Wednesday, September 03, 2008

Colossians 4:5-6

5Be wise in the way you act toward outsiders; make the most of every opportunity. 6Let your conversation be always full of grace, seasoned with salt, so that you may know how to answer everyone.

V5 begins, “Be wise in the way you act toward outsiders.” Calvin ponders the motive for being a witness for Christ in the world and offers three reasons: first, we ought not put a stumbling block in front of a blind man (Leviticus 19:14); second, we ought not provide additional opportunity for the detracting of the honor of the gospel, for the name of Christ to be exposed to derision, or for disturbances and persecutions be stirred up as unbelievers’ hostility increases; third, we must be on guard lest we be defiled by their pollutions and revert to profanity. Vincent Cheung says, “To walk in wisdom toward outsiders would mean that ‘every opportunity is to be snapped up.’ Wisdom also knows the way to take advantage of an opportunity,” which is the exhortation at the end of v5. Ephesians 5:15-17 says, “Be very careful, then, how you live – not as unwise but as wise, making the most of every opportunity, because the days are evil. Therefore do not be foolish, but understand what the Lord’s will is.” Calvin says, “Amidst so great a corruption as prevails in the world we must seize opportunities of doing good, and we must struggle against impediments.” Jesus said, “Be as shrewd as snakes and as innocent as doves” (Matthew 10:16).

V6 says, “Let your conversation be always full of grace, seasoned with salt, so that you may know how to answer everyone.” Calvin comments simply that Paul “reckons as tasteless everything that does not edify.” Ephesians 4:29 says, “Do not let any unwholesome talk come out of your mouths, but only what is helpful for building others up according to their needs, that it may benefit those who listen.” I have quoted Vincent Cheung frequently in this study, and sometimes his statements seem harsh. When commenting on this verse, he says, “The grace and salt in Colossians 4:6 refer to an excellence in the quality and content of our speech, so that to equate them with the usage of words and tones that are kind and gentle (often as defined by the culture and not by Scripture in the usual interpretation) is in fact to neutralize it. This excellence of speech could certainly include kind words and tones, but harsh and insulting rebukes are not excluded, as biblical principles and examples conclusively demonstrate.” Cheung goes on to provide a number of New Testament examples (Matthew 23:27-33; Acts 13:10; 23:3; Titus 1:12-13) where Paul and Peter, and even Jesus Himself, speak quite harshly against their opponents; Cheung notes that their language is nevertheless always graceful. I close this section with Cheung’s parting comments:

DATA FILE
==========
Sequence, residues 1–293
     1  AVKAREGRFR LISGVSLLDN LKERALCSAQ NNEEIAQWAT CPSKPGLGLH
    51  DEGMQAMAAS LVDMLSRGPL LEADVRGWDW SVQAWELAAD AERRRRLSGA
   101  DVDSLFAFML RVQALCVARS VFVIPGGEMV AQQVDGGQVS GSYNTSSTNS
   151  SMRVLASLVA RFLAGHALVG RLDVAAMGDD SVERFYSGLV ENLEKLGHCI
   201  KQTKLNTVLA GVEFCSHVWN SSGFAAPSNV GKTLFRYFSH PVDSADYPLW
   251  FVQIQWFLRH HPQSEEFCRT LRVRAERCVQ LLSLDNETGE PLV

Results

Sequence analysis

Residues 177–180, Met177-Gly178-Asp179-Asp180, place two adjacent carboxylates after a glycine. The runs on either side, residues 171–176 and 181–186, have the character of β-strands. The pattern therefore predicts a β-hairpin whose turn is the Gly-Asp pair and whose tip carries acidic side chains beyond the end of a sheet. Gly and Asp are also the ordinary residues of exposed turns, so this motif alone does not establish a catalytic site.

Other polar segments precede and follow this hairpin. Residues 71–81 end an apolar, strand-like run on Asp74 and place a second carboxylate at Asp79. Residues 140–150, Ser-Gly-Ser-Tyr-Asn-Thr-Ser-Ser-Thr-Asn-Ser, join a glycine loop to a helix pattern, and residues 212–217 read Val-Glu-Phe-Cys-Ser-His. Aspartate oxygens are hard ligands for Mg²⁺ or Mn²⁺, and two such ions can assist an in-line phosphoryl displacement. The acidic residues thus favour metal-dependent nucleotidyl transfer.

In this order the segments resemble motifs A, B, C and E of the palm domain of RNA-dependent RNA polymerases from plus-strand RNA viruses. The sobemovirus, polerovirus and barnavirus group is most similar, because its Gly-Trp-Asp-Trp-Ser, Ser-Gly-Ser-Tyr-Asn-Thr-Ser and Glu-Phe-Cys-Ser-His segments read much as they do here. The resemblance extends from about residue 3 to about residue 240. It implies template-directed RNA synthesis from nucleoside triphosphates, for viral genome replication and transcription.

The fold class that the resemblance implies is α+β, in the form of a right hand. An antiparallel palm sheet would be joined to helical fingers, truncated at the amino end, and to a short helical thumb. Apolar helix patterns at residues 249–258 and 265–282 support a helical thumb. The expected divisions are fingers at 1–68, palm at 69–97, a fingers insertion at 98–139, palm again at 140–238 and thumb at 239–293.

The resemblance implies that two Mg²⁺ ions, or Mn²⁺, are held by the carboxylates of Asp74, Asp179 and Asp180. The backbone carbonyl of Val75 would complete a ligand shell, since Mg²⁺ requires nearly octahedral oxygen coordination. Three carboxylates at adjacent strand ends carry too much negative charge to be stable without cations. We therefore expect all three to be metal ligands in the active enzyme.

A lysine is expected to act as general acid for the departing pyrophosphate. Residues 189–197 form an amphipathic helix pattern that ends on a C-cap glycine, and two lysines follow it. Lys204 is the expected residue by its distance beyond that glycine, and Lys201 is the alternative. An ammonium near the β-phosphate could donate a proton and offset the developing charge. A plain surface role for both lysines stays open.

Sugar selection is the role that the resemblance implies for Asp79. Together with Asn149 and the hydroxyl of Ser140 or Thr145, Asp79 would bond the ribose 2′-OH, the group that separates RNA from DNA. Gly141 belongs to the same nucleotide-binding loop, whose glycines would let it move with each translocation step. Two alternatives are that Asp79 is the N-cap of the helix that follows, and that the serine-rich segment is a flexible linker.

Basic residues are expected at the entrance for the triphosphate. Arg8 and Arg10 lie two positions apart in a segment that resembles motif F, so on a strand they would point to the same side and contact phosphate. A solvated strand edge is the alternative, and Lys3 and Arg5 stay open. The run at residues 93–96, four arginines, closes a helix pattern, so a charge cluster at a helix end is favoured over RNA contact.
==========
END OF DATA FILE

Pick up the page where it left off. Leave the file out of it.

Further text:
“If for some reason, I am still forbidden to preach the Bible using it’s own language and expressions, then what am I allowed to do? …Am I at least allowed to show people what it says? But the Bible says that unbelievers are stupid, evil, wicked, depraved, immoral, impure, greedy, idolatrous, superstitious, enslaved, dead, deceitful, malicious, slanderous, unjust, perverted, filthy, whores, dogs, pigs, donkeys, snakes, brutes…these are all biblical descriptions of unbelievers that come to mind at the moment, and the list goes on and on and on. It also uses some strong words against professing believers who are in error. These are the things that they will read if I were to show them the Bible – the same things that they would hear if I were to speak them. So if I am not allowed to say what the Bible says, am I allowed to show people the Bible? Or am I supposed to hide the book? Am I expected to burn it too? Perhaps this is the true desire of my critics, and only the destruction of the Bible would make them happy, even though some of them claim to be Christians. However, ‘If I were still trying to please men, I would not be a servant of Christ’ (Galatians 1:10). Therefore, I will continue to both speak and show what the Bible says.”

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